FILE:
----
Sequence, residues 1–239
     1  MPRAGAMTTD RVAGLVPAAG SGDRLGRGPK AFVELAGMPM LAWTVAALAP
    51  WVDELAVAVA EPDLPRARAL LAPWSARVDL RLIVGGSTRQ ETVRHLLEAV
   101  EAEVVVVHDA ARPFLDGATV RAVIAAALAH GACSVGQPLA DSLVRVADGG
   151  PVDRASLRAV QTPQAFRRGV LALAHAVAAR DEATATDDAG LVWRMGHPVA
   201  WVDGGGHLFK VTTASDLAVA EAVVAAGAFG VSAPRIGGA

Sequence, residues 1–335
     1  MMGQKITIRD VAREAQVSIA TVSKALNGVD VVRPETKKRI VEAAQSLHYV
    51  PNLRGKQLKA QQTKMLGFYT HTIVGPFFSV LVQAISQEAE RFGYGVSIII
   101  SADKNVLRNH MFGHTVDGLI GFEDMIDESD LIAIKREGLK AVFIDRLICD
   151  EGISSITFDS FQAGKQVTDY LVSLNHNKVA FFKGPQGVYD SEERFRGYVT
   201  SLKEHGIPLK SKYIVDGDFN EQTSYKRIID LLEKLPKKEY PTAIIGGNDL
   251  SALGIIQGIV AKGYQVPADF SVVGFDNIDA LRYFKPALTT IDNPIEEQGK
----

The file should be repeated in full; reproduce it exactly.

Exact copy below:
Sequence, residues 1–239
     1  MPRAGAMTTD RVAGLVPAAG SGDRLGRGPK AFVELAGMPM LAWTVAALAP
    51  WVDELAVAVA EPDLPRARAL LAPWSARVDL RLIVGGSTRQ ETVRHLLEAV
   101  EAEVVVVHDA ARPFLDGATV RAVIAAALAH GACSVGQPLA DSLVRVADGG
   151  PVDRASLRAV QTPQAFRRGV LALAHAVAAR DEATATDDAG LVWRMGHPVA
   201  WVDGGGHLFK VTTASDLAVA EAVVAAGAFG VSAPRIGGA

Sequence, residues 1–335
     1  MMGQKITIRD VAREAQVSIA TVSKALNGVD VVRPETKKRI VEAAQSLHYV
    51  PNLRGKQLKA QQTKMLGFYT HTIVGPFFSV LVQAISQEAE RFGYGVSIII
   101  SADKNVLRNH MFGHTVDGLI GFEDMIDESD LIAIKREGLK AVFIDRLICD
   151  EGISSITFDS FQAGKQVTDY LVSLNHNKVA FFKGPQGVYD SEERFRGYVT
   201  SLKEHGIPLK SKYIVDGDFN EQTSYKRIID LLEKLPKKEY PTAIIGGNDL
   251  SALGIIQGIV AKGYQVPADF SVVGFDNIDA LRYFKPALTT IDNPIEEQGK